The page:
The consequences of the credit crunch were wide-ranging. In a well-documented ‘domino effect’ it spread to the rest of the economy, stalling growth both in developed and emerging nations. Tunisia – whose main trade partners are Europe’s biggest economies – became one the many collateral victims of the global economic meltdown. Whether the Jasmine Revolution is a by-product of the credit crunch is hardly debatable.
The participants in the Journalism Foundation’s training course in Tunisia all understood the concept of the interdependence of their economy. They expressed interest in the Greek bail-out negotiations, sensing that a negative development on that front could severely hinder their own country’s growth. Yet many were unaware of the chain of events that led to the tricky sovereign debt crisis. Everyone noticed food prices going up but they were also at odds to explain where food inflation comes from.
Lack of education is the main reason why Tunisian journalists stay away from economic and business reporting. Understandably, due to the ‘emerging’ nature of the Tunisian economy, business journalism is a marginal sector of the media industry. Yet the economy is the number one concern for Tunisians. The local press is filled with reports on food prices creeping up, the high unemployment rate (14% according to the World Bank), low wages, insecure jobs and the shocking disparity in wealth distribution. However, these topics are perceived as ‘social issues’ rather than being presented as ‘economic’ issues in the Tunisian media.
During a presentation on ‘business reporting in a democracy’ the participants focused on the role of business journalists: news-gatherers, analysts, but mostly, educators – the bridge between a knowledgeable elite and the man in the street. The accompanying workshop aimed at introducing basic knowledge of financial markets and economic data, in the hope that this ‘taster’ course in economics would spur students to educate themselves in their own time if they wanted to learn more.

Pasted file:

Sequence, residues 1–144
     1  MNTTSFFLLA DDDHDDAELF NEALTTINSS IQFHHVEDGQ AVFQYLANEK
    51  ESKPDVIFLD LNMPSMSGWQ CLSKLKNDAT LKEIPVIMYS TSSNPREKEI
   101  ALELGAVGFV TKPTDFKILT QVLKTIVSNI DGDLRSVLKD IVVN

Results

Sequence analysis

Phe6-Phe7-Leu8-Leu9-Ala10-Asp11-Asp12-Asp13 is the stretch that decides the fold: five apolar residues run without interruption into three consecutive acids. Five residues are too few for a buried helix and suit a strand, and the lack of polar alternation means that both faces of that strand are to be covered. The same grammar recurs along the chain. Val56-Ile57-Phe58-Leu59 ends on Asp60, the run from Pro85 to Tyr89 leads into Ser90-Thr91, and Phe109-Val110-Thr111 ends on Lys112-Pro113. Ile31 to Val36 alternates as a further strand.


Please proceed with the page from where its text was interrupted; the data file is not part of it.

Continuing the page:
After education, access to information is the second greatest challenge for would-be business journalists in the country. Corruption and fraud are endemic in Tunisia. The Heritage Foundation’s Freedom from Corruption Index indicates that the country’s economy is “mostly unfree”.
Slim Ayedi learnt it at his expense. The Tunisian journalist was a business reporter before starting a popular blog on politics in Tunisia.
“I had to give up business journalism. Access to statistics, companies, and municipalities’ accounts is too restricted. I couldn’t do any investigative work. It’s a shame because for me business journalists are the best in the profession,” he says.
Many of the students who attended the workshop faced similar hurdles. “If we ask local authorities to give us statistics and access to their books, they refuse to do it. They even threaten us. So what can we do?” they often asked.
“Don’t give up” is the best advice I could give them.
Charlotte Kan is a freelance journalist and one of four lecturers brought out by City University, London to take part in The Journalism Foundation’s training course in Tunisia. To read more about the course click here